August 24, 1999
The Federal Reserve Board votes to raise interest rates by a quarter point. Three experts discuss how the change will play on Wall Street.
PAUL SOLMAN: The economy zooms, the stock market booms, and the Fed raises interest rates for the second time this summer. To help explain it all, we're joined by: Alice Rivlin, who stepped down last month as vice chairman of the Federal Reserve Board to join the Brookings Institution and serve as chairman of the District of Columbia's Financial Oversight Authority; David Levy, director of the forecasting center and vice chairman at the Jerome Levy Economics Institute; and Allen Sinai, chief global economist at Primark, a forecasting and analysis firm.
And welcome to you all. Alice Rivlin, what was the Fed hoping to accomplish today?
|Tapping the economic brakes|
ALICE RIVLIN: I think they were hoping to slow down the economy a little bit, a quarter point doesn't make a lot of difference. But their general perception is the economy is growing at too rapid a rate. It's an unsustainable rate. And it's time to slow it down a little bit.
PAUL SOLMAN: Why raise both the discount and Fed Fund's rate? They don't always do that, right?
ALICE RIVLIN: No, they don't. And the discount rate is not actually very important at the moment, because not many banks are borrowing at that rate. But the effort was not to leave too much of a gap between the Fed Fund's rate and the discount rate.
PAUL SOLMAN: Okay. So the Fed's worried about inflation.
ALICE RIVLIN: It's a little bit worried about inflation.
PAUL SOLMAN: A little bit worried, a quarter percentage point worried.
ALICE RIVLIN: Right.
PAUL SOLMAN: David Levy, is that what you're worried about, inflation?
DAVID LEVY: Well, I'm not worried in the long-term, but I think we are in a position where the unemployment rate has come down enough, and the labor markets have tightened enough so we are getting evidence that pay increases are starting to become larger. And if that could continue, that would become an inflationary pressure that the Fed would have to respond to.
PAUL SOLMAN: Do you worry-- I gather you worry about the stock market, as well, however?
DAVID LEVY: You directing that to me?
PAUL SOLMAN: Yes.
DAVID LEVY: I'm very concerned about the valuations in the stock market, and particularly because we've gotten to the point where it's going to be very difficult to have both rising profits and interest rates that remain flat to keep the stock market from experiencing a decline. And the reason I say that is that if profits continue to rise, employers are going to be hungry to expand and tend to bid up the priorities of labor.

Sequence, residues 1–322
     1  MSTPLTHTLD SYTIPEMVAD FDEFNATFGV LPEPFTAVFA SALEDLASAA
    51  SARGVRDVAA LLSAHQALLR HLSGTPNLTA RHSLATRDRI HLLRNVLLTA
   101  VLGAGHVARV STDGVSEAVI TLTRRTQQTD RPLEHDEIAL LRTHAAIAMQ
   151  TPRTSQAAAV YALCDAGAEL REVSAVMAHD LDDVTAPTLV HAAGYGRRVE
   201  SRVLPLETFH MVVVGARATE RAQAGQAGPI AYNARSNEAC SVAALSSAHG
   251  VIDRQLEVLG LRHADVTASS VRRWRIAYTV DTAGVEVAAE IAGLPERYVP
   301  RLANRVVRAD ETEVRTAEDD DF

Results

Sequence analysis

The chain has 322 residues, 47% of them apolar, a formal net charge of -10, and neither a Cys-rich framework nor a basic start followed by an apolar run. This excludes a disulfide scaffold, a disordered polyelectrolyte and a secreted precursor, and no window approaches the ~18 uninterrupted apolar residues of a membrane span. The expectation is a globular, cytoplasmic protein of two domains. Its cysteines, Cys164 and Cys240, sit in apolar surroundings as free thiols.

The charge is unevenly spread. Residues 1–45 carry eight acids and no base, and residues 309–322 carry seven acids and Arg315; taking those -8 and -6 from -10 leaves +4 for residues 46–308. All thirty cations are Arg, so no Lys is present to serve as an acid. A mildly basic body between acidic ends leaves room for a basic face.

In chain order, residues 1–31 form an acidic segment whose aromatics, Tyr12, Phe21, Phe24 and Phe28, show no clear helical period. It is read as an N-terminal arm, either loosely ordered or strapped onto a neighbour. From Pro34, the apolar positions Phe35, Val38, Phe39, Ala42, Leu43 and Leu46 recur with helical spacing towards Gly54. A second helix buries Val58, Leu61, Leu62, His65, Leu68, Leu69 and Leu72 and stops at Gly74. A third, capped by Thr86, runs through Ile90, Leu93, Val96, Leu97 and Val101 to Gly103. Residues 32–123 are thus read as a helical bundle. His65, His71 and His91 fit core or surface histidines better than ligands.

PAUL SOLMAN: Allen Sinai, do you agree with that?
ALLEN SINAI: I think we're going to get a slow down in the rate of growth of profits from cost push factors and because interest rates are a little higher.
PAUL SOLMAN: Cost push, just explain what you mean - we're going to have less corporate profits because...
ALLEN SINAI: What I am seeing is some pipeline inflation in the costs of materials that companies buy that shows up in the Producer Price Index, the lower stages of processing levels, the lower levels of that index. And wage inflation is picking up. Now, that's really a good thing for American workers, but it is a cost to business. So we'll get some eroding away of profits on account of that. And those potentially, if companies can pass those costs on in an active economy with strong demand, potentially could be a source of higher inflation. And I think that's what the Fed was stepping out against. It wants to keep inflation nice and low. Low inflation has been the main source of our great prosperity.
|Is the stock market out of hand?|
PAUL SOLMAN: David Levy, I've read you say that you're worried about the stock market getting out of hand, the Fed not acting strongly enough -- and then a sudden correction, which could have serious effects on the economy.
DAVID LEVY: Well, I would say, the stock market I think has been out of hand for quite a while. We've had a 17-year bull market that's just been unprecedented in American history. And like any major bull market, it's tended to go a little bit on momentum. I'm concerned valuations are already high. And the market is very vulnerable. What makes us particularly concerned is that unlike any other period in American history, the stock market is absolutely dominating the performance of the overall economy -- evidenced most directly through the behavior of consumers who have accelerated their purchases relative to their incomes to an extraordinary extent over the last several years. They now spend more than they receive in income, excluding capital gains.